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REAL Tea Tasting: The Expert Taste Buds Behind REAL

 |   |  Featured, Sober Curious, The Modern Drinker 
REAL Tea Tasting: The Expert Taste Buds Behind REAL

Each year, as spring gradually becomes summer, REAL Founder David and Head Brewer Guillermo carry out a tea tasting to sample the best of the year’s Darjeeling tea harvest before choosing the exact pick to buy for the year ahead to use in our natural fermentation process for Royal Flush Sparkling Tea.

The Darjeeling harvest begins as the winter ends from February onward where the air in India starts to become increasingly humid. Until this point, the tea plants have been dormant and are awakened by the moisture in the air.

The tea bushes gradually progress through four distinct seasons, known as flushes. First flush Darjeeling tea is harvested in the spring, the second flush at the beginning of summer, the third during the monsoon season and the fourth in the autumn before the harvest ends in November.

Why is First Flush So Special?

The first flush is the very first pick of the season, harvested when just the first tips of the tea emerge in spring. These young and fresh leaves have characteristically delicate, fruity notes. Just the bud and the first leaf from the plant are picked within the first 3-4 weeks of the growing season. It is then withered, rolled, gently oxidised and dried with great care to preserve its elegant flavour.

How is tea categorised and sold?

There are many intricacies to consider when purchasing tea. The process differs depending on how you intend to use the leaves.

At REAL we are extremely particular about the tea leaves we buy; the leaves must be of a certain quality to ensure the best flavour and integrity when fermented to make our range of sparklings.

Royal Flush has notes of rhubarb and white peach and is the perfect alternative to Champagne and sparkling wine. The loose-leaf Darjeeling we use to create this premium sparkling comes from a single tea garden at the bottom of the lesser Himalayas in India.

Tea of this quality is classified by three categories:

  1. The flush
  2. The tea garden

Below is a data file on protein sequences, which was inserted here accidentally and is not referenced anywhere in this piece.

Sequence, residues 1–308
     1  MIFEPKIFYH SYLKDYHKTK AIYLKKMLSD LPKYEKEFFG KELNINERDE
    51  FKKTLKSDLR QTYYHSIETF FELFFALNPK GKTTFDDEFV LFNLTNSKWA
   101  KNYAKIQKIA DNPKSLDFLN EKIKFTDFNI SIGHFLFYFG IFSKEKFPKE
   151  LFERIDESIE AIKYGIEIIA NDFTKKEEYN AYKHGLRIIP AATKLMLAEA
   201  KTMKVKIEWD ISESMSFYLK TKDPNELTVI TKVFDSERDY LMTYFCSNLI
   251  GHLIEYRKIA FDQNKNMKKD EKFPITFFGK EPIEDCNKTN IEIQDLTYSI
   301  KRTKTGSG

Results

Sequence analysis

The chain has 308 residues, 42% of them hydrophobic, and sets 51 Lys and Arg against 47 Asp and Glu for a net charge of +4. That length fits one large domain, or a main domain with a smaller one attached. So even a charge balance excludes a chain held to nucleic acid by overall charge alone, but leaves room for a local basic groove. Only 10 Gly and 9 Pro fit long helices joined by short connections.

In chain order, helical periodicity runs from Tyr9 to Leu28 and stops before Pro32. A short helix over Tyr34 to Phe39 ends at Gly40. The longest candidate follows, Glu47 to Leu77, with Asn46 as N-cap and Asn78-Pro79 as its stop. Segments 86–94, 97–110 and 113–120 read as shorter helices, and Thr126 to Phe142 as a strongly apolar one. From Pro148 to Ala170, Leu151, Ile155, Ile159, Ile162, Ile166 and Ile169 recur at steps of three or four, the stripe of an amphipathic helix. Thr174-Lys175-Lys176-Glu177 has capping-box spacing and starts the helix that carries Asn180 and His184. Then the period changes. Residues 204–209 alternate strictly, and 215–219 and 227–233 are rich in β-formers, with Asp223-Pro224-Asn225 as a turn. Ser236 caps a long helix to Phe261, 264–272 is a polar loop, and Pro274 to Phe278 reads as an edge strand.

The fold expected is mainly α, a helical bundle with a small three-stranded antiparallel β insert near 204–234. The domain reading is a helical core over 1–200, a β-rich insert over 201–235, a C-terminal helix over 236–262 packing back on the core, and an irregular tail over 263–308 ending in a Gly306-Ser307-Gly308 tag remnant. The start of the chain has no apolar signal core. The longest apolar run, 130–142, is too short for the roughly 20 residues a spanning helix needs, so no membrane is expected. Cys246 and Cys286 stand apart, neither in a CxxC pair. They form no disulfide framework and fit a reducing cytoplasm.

3. The period of time it was harvested during (known as invoices)

Each tea garden picks their first flush harvests in sections each day and records exactly when these were picked. The tea is then sold according to the pick dates and invoice number, usually between 1-30 days. The earlier the pick date the more expensive the tea is.

The fruit and floral character notes of Royal Flush we specifically look for can vary wildly between invoices, meaning we buy the tea that represents the flavour profile by tasting the Darjeeling from each day of the first flush harvest.

How to conduct a tea tasting?

The different tea invoices are laid out in chronological order next to both a cup to brew the tea in and a small bowl to transfer the brewed liquid into.

Cups, tea and tea invoice packets lined up ready for the tea tasting

Over 50 different tea invoices from just two small tea gardens ready to taste

David will carefully weigh the tea and brew it with a precise amount of water. To make sure that the tasting is consistent, the water is brewed to a set temperature and each vessel of tea brewed for exactly the same amount of time.

David weighing the tea leaves and setting up for the tea tasting.

David carefully weighing the tea leaves

David and Guillermo first look at the dried loose tea in detail and analyse the quality of the leaves as these tell you a huge amount about the tea before you even taste it. Once brewed, they smell the teas to identify initial flavour notes and aromas.

Brewed first flush Darjeeling in a glass

Freshly brewed first flush Darjeeling tea.

Finally, they taste the tea. Using a large spoon, they scoop a small amount from the bowl and slurp it in the same way that you would during a wine tasting. When tasting tea in this way you should suck air into your mouth as you sample the liquid to aerate it. This aeration further activates the flavours and character notes to provide an even taste profile of the tea.

How does the weather affect the tea harvest?

The quality and character of tea leaves is affected by even the smallest changes in weather and environmental conditions. By separating each harvest into invoices, you can trace even the most subtle changes in flavour across the harvest.

Much like the terroir in vineyards, the amount of sun, rain and wind each day as well as temperature and even soil quality affects what character notes are presented in the tea gardens harvest. David and Guillermo meticulously taste each invoice from a number of tea gardens within the same region to ensure that we only use the very best tasting leaves with exactly the right character notes to ferment with to create our range of non alcoholic sparklings.

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